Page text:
Altering experienced utility: The impact of story writing and self-referencing on preferences
This article examines the impact of writing stories on the evaluation of consumption objects. Generating a story creates greater liking for a painting than generating a dialogue about it. The positive impact of stories does not derive from generating more positive thoughts. Instead, stories generate fewer affective thoughts than do dialogues. The importance of generated stories derives from deeper elaboration, providing enhanced recollection of the coherent narrative, ease of generation, and more favorable attitudes toward the task. This work extends prior research on narratives and self referencing by making the consumer an active participant in the generation process, setting a rich agenda for future research.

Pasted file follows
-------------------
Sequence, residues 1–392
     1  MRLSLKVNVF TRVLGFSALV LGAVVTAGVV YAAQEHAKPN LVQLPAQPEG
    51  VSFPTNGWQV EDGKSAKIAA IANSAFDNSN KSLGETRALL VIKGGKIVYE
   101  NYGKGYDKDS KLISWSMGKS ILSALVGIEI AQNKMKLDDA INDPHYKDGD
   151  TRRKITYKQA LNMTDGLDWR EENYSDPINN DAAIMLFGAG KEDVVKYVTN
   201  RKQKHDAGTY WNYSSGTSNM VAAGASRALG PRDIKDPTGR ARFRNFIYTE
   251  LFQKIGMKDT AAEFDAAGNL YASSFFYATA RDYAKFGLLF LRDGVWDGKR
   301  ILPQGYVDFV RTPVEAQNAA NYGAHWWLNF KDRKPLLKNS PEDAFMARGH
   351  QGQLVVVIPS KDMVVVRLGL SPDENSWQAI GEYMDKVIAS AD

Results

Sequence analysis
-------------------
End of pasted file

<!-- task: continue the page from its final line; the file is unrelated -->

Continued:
West, PM; Huber, J; Min, KS
Volume / Issue
Start / End Page
International Standard Serial Number (ISSN)
Digital Object Identifier (DOI)